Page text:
Incomplete Applications Could Potentially Delay Launch Of Legal Gambling Sites In NJ

By: Frank Horton
Mon., September 16th, 2013

The launch of a large online gaming operation in the state of New Jersey has long had a target date of November 2013. The original approval of the project was passed back in February by Governor Chris Christie. However, recent reports indicate that the launch of the Atlantic City casino sites might be delayed further.

The Division of Gaming Enforcement in New Jersey has reportedly issued a request to several online gaming applicants to provide several pieces of missing information left off the initial application for an online gambling license.

Highlights among the information that the DGE requested is the third-party contract information. This directly relates to the different partnerships that the casinos undertook as a part of the launch, where each of the dozen casinos planning to operate sites joined up with different ventures and companies to help run the different sites.

A deadline of Friday, September 20th has been instituted by the DGE for casinos to submit all of the complete information that if requested.

The November 23rd legal Internet gaming launch date has not officially been moved, but the conventional thought is that a delay like this would inevitably force a push back of some time period. Assuming that the casinos comply and get the materials in by the deadline, then the late November or early December launch could still be quite feasible.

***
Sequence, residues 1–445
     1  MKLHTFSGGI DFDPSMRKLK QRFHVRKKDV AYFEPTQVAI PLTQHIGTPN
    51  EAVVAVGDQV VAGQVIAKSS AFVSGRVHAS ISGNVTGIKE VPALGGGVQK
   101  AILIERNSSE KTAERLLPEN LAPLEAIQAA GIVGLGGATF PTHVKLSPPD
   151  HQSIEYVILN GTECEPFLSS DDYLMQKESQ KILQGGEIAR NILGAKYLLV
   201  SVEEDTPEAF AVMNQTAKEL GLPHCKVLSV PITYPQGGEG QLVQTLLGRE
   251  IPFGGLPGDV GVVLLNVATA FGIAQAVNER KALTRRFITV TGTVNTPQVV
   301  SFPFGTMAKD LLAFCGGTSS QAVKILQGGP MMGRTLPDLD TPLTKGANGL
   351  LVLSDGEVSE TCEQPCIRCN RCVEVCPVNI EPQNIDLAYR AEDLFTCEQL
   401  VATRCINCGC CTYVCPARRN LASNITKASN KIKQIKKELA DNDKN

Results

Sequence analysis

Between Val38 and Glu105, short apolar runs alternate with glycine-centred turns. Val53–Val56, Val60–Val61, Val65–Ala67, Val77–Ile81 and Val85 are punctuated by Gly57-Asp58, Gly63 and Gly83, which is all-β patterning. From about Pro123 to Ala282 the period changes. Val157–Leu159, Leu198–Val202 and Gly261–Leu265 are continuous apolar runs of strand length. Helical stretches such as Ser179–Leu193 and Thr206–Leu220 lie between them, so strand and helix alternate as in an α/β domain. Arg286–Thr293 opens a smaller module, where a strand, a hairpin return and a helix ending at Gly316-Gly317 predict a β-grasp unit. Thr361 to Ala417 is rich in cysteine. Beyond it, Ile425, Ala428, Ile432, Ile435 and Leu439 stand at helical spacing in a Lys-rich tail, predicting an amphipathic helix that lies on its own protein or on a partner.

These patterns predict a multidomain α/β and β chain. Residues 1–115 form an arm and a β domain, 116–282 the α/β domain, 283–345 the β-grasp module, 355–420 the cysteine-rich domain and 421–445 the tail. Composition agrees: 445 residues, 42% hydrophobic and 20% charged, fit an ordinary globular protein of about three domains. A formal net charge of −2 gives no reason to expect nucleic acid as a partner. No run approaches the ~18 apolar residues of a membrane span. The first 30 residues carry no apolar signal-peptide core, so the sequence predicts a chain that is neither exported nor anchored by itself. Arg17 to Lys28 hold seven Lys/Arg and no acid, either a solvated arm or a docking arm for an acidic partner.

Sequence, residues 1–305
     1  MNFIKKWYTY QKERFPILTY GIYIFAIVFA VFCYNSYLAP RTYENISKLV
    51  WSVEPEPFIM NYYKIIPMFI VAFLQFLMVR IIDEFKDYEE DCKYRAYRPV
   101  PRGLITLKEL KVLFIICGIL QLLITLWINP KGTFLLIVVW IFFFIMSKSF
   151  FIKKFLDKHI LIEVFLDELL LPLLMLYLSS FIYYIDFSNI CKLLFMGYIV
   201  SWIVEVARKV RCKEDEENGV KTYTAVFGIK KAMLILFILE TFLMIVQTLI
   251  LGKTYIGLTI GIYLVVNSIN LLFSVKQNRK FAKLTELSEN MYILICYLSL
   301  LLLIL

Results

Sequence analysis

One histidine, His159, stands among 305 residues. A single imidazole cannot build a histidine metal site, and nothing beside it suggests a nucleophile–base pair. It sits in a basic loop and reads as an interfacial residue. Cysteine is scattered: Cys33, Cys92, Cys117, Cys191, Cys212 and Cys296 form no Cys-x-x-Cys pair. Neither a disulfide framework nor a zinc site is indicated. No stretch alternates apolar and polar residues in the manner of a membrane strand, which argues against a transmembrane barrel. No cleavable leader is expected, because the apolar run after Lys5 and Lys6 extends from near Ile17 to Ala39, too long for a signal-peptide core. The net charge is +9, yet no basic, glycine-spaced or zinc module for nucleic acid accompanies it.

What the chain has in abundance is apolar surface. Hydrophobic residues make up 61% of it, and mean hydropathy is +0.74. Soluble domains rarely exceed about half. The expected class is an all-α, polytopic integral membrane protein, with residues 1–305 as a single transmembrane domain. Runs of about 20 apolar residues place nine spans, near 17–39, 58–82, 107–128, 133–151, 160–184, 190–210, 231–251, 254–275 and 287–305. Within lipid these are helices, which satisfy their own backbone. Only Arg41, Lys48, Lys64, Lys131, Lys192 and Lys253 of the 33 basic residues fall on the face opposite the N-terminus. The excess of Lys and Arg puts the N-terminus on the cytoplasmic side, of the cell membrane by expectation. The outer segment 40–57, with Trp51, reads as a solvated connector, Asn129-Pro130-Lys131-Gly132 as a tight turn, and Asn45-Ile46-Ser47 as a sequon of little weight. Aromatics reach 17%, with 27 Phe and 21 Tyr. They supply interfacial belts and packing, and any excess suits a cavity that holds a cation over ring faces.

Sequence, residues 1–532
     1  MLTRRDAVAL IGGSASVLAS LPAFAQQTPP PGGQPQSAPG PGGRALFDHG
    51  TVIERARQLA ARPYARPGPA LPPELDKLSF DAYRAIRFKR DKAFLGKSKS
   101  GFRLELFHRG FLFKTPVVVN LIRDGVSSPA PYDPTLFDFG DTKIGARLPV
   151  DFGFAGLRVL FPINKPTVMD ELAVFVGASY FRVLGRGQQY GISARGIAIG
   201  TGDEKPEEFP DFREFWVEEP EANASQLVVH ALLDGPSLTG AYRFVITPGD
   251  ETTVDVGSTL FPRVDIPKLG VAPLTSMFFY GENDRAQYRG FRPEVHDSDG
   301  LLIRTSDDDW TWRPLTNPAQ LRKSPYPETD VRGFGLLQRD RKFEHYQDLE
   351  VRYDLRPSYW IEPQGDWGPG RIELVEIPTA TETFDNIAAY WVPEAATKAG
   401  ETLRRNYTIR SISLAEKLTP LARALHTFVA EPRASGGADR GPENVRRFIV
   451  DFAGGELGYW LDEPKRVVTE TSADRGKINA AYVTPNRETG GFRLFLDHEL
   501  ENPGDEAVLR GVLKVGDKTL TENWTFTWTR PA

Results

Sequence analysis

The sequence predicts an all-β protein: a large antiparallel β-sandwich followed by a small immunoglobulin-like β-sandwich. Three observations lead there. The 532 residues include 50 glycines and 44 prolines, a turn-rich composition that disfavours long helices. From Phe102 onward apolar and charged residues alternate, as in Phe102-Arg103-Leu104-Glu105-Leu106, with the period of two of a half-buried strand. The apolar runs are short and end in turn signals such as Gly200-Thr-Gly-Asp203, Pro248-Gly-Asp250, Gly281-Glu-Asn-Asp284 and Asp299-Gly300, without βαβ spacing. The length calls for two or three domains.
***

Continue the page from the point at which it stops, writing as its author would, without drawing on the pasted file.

Coinciding with New Jersey's plans for online gaming is the interstate network that has been paid out between them and Nevada, which currently has active online gaming taking place. Legal online gambling in Nevada has been in place since April of 2013, though currently it's just online poker that is offered by Ultimate Gaming.

The New Jersey online gaming project will include online poker, but will also cover many other casino games such as different table games and slots. But there has been talk about Nevada and New Jersey eventually working together expanding the online gaming industry in their states, with the hopes of other states joining in the future.

The Nevada Gaming Control Board has heard from Bally Technologies and International Game Technology to move forward with interstate networks, and could potentially allow for this to happen. At the same time, Nevada Governor Brian Sandoval has already signed legislation that would allow for this type of project to occur. The next step in the process would be for the NGCB to approve regulations as far as to what would be allowed to happen.

As it stands, the interest behind the launch of the New Jersey online gambling sites is very high, with more than just Nevada keeping a close eye. With both state Governors on the side of online gaming, these two states have the potential to lead a new online gaming revolution in the United States.